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The NWO Domain Board Science has approved nineteen grant applications in the Open Competition Domain Science-M programme. These grants are intended for innovative, high-quality, fundamental research and/or studies involving matters of scientific urgency. Three of the grants go to researchers from the UvA Faculty of Science.

The UvA Faculty of Science researchers who receive a grant from this round are Petra Bleeker (UvA-SILS), Sara Jabbari-Farouji (UvA-IoP) and Fernando Pascoal dos Santos  (UvA-IvI).

Self-defence of tomatoes

Petra Bleeker receives the ENW-M grant for the project ‘Trichome truckers: how self-defence metabolites are transported and stored in tomato gland cells’. Plants produce a large variety of specialised metabolites involved in stress response and interaction with the environment. Wild ancestors use specialised metabolites to protect themselves against pest and pathogens. In tomato self-defence metabolites are produced and stored in special glands, glandular trichomes. It is not yet known how they are transported from the cells that make them into the storage cavity for accumulation until needed. Bleeker and her team will elucidate this defence-metabolite transport. Understanding how wild tomato ancestors do this, might enable breeders to rearm cultivars with their own defence metabolites reducing their reliance on chemicals.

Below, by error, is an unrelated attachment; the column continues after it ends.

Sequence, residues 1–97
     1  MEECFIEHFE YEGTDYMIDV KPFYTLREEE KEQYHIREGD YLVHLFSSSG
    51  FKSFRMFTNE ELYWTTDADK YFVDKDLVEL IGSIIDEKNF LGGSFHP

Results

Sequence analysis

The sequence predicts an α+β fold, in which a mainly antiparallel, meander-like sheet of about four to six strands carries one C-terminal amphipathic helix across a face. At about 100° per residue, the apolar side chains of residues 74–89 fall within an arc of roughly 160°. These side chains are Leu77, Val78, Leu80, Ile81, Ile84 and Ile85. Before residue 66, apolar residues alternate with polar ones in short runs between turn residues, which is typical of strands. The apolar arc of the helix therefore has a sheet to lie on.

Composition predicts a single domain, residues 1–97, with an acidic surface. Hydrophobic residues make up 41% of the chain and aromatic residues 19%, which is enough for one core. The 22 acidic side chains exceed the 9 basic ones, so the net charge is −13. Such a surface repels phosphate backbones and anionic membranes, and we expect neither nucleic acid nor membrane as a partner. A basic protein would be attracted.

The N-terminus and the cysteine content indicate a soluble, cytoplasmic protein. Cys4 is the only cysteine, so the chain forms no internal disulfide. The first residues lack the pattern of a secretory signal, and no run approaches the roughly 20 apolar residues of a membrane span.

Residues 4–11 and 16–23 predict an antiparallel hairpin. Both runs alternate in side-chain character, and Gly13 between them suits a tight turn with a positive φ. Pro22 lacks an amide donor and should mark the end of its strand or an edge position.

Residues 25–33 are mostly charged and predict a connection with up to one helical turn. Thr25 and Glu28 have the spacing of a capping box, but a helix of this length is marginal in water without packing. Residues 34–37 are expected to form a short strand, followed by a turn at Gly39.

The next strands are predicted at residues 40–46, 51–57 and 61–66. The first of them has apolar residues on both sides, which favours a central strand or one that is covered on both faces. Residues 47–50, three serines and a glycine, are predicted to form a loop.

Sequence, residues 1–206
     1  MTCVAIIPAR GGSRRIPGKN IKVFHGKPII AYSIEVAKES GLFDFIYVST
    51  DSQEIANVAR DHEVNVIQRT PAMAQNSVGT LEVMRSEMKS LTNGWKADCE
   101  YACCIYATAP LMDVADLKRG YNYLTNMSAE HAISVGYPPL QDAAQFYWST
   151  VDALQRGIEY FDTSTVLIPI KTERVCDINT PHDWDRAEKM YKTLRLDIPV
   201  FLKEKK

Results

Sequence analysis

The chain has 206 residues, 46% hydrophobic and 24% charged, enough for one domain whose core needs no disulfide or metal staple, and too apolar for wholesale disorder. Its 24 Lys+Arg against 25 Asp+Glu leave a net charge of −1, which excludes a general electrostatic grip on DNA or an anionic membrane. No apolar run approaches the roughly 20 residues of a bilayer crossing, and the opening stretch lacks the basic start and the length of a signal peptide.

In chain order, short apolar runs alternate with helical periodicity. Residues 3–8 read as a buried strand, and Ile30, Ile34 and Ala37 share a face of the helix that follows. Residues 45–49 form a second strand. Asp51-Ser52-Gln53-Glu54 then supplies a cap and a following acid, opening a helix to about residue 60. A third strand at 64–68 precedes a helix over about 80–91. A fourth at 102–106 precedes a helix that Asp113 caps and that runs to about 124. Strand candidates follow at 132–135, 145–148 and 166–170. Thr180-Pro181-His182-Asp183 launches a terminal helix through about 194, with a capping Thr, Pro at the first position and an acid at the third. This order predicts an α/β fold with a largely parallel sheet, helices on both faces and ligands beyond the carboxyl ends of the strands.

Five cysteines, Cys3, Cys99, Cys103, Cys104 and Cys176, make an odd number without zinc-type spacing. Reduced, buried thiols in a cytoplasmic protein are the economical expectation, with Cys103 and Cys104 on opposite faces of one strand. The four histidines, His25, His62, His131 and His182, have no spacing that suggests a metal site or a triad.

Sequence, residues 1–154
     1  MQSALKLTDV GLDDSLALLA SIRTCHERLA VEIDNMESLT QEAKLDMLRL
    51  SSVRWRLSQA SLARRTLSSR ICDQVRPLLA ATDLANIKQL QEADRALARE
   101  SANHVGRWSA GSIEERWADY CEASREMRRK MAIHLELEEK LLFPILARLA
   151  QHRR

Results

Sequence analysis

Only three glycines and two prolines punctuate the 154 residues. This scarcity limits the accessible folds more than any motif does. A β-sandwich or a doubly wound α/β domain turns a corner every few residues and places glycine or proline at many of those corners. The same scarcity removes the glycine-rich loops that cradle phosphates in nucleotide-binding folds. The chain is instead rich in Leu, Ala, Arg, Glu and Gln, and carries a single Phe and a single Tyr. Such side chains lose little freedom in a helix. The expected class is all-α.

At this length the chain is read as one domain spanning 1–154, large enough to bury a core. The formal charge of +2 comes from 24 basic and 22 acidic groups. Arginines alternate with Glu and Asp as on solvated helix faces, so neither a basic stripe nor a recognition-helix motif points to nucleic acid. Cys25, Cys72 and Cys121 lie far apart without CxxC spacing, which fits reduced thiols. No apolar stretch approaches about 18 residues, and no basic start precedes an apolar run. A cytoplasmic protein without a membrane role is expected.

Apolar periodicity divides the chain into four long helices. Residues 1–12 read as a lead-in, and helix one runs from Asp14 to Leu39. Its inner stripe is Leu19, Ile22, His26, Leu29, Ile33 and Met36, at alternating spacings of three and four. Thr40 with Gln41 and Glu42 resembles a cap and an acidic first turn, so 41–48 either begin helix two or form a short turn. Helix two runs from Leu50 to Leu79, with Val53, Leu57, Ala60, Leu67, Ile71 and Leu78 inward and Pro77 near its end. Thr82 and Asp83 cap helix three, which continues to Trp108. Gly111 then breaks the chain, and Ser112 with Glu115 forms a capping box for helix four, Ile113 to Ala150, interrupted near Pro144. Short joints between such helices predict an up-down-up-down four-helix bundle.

Smart filament-like materials

Sara Jabbari-Farouji receives the grant for the project ‘Understanding the Collective Patterns of Active Polymer-like Matter’. She and her team are ging to try and model the spectacular patterns of collective motion in birds and fishes. While simple statistical physics models successfully explain collective phenomena in some autonomous systems, real life is more complex. For example, biopolymers in the cell and blobs of entangled worms are not rigid, as assumed in models. Jabbari-Farouji will develop new theoretical and computational methods to understand patterns of collective behavior of semiflexible active filaments. This will help her team understand the biological function of collective self-organization and to uncover principles for designing smart filament-like materials with dynamic capabilities like shape-shifting or self-healing.

Cooperating artificial agents

Finally, Fernando Pascoal dos Santos is awarded the grant for the project ‘Reputation as a new route to cooperation in multi-agent reinforcement learning’. Artificial agents are likely to face the same dilemmas of cooperation that humans evolved to solve. To design efficient systems where collective gains are maximised, artificial agents must learn to forego their self-interest and spend effort to help others. How to design adaptive agents that autonomously learn to cooperate? In this project Pascoal dos Santos and his team study how to use reputation systems to sustain cooperation among agents adapting through trial-and-error (that is, through reinforcement learning). They will explore how reputations should be assigned to sustain cooperation in the long-run, and how to design reputation systems in increasingly complex environments.

Dr. P.M. (Petra) Bleeker

Faculty of Science

Swammerdam Institute for Life Sciences

Dr. S. (Sara) Jabbari Farouji

Faculty of Science


Dr. F.P. (Fernando) Pascoal Dos Santos

Faculty of Science

Informatics Institute